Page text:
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November 27, 2022
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Life & Culture

Review: James Gray explores his early childhood

Armageddon Time

Focus Features

The U.S. entered a new era in 1980. The rise of President Reagan, the war on drugs and the beginning stages of the digital era were all massive shifts in the cultural zeitgeist. Writer and director James Gray is finally ready to take a look at the ever-shifting world in which he grew up. Based loosely on his own childhood, “Armageddon Time” follows a very short period of the life of Paul Graff (Banks Repeta) that seems to dramatically change Paul’s surroundings. Of course, there are the large, nationwide changes he experiences, like Reagan’s election. There are also the personal changes, whether it be transferring schools or seeing deeper into the complicated relationships between his family members. These parallels serve as a vehicle to look deeper into both Gray’s feelings about his personal life at the time and the political landscape of the nation that he calls home.

The entire ensemble does a phenomenal job conveying both the weight of the emotions behind the story as well as the simplicity in the domestic sphere depicted in the film. Gray’s desire to dedicate so much of the 114-minute runtime to the smaller moments of the family pays off, allowing the audience into each of the main characters’ minds, a difficult feat for a picture so focused on a single character. Each performance, no matter how small, offers up a piece of Gray’s personal history. The screenplay, so specific to the author’s life, becomes nearly universal because of how recognizable various aspects of the Graff family and their life together are. Gray’s depiction of smaller moments, like the fear in Paul’s eyes when he hears his father, Irving (Jeremy Strong), coming home knowing he’s in trouble and will be subjected to Irving’s abuse, Paul begging his mother (Anne Hathaway) to use her power in the PTA to get him out of trouble, or the repeated teasing by his older brother (Ryan Sell), create a world that feels lived in and whole. Of all the wonderful performances, Paul’s grandfather, Aaron (Anthony Hopkins), seems to be the only person that understands the protagonist. Hopkins’ character also keeps Paul connected to his religion and heritage, often reminding Paul of their family’s Jewish ancestry and Jewish values that he should stick to. Repeta and Hopkins’ rapport is truly remarkable; the performers clearly share a connection deeper than simply scene partners. For such a young actor, Repeta is able to hold his own against the legendary actor, giving one of his finest performances to date.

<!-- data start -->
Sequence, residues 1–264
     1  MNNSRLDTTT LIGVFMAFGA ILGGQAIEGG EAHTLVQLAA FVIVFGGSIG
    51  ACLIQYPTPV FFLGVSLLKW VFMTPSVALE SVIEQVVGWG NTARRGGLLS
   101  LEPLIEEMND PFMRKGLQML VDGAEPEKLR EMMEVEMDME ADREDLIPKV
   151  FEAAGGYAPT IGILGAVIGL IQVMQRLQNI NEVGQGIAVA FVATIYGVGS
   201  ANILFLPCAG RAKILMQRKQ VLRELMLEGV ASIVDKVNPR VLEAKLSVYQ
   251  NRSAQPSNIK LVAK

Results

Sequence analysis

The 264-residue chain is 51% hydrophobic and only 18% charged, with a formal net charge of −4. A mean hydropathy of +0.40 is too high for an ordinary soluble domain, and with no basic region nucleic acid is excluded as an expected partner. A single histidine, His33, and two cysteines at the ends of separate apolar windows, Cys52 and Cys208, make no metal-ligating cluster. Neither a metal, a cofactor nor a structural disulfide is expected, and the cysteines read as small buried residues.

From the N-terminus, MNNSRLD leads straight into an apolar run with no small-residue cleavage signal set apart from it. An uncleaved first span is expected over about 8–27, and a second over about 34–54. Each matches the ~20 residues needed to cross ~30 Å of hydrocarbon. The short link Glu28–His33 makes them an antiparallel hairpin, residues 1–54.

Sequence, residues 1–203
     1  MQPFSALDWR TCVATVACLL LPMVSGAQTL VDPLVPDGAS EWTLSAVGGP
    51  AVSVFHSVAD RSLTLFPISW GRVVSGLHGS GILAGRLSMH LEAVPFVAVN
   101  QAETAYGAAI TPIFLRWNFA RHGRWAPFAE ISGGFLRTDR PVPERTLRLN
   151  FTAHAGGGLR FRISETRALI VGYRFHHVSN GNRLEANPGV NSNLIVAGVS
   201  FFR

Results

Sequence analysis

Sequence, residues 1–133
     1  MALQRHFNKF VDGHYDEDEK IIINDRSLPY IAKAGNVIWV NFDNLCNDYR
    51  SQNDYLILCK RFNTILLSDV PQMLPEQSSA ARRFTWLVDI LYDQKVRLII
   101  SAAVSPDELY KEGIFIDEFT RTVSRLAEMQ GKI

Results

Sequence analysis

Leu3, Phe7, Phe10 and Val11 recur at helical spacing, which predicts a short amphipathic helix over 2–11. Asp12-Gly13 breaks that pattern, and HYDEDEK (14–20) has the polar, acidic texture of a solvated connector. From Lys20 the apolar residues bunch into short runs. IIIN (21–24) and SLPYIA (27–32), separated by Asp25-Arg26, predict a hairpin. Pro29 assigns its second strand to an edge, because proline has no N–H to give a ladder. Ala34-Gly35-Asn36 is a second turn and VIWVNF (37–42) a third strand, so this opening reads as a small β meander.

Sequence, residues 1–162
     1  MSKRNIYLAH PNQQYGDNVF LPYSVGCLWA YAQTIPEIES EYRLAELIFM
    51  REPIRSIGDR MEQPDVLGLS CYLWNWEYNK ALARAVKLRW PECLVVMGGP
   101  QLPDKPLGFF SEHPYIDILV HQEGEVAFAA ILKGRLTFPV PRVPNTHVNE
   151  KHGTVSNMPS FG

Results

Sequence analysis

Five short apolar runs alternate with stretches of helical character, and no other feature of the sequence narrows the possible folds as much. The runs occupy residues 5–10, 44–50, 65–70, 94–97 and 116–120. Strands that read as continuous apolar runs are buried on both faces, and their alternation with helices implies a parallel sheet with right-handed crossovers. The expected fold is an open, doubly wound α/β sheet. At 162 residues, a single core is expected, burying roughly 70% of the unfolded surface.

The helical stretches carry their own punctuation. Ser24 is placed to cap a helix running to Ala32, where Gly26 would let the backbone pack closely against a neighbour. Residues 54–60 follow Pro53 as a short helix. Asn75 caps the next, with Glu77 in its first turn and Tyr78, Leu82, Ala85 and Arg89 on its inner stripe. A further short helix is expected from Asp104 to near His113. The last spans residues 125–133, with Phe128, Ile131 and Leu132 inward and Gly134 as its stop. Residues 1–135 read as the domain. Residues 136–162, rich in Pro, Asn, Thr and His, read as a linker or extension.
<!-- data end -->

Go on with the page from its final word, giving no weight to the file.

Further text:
The film also focuses largely on Paul’s relationship with a Black boy in his class, Johnny (Jaylin Webb), who was held back a year for his troublemaking tendencies. Gray’s attempts at weaving in racial and class commentary into the film through their friendship works quite well. There is some critique to be had about the lack of time spent with Johnny beyond his relationship with Paul, making it seem as if he’s only there to service Paul’s growth, but the film goes very much out of its way to do this with nearly all of its supporting characters. The film chooses to show Paul’s perspective to the audience over the objective truth; we’re seeing the point of view of an 11yearold who doesn’t always know what’s happening. In fact, the audience rarely sees the ensemble in scenes that Paul is not witnessing himself, pushing the audience to see through his eyes even more. 

“Armageddon Time” is a striking film through and through, as a look back on an era of American history not dissimilar to now, serving as a vehicle for Gray to grapple with the consequences of the country’s actions as well as his own. The film’s unrepentant look at the racism, classism and bigotry perpetrated by friends, family and community offers the audience a much more nuanced look into Gray’s childhood, turning what easily could become a white savior story into a delicate look at the realities of the 1980s for both the Jewish and Black communities.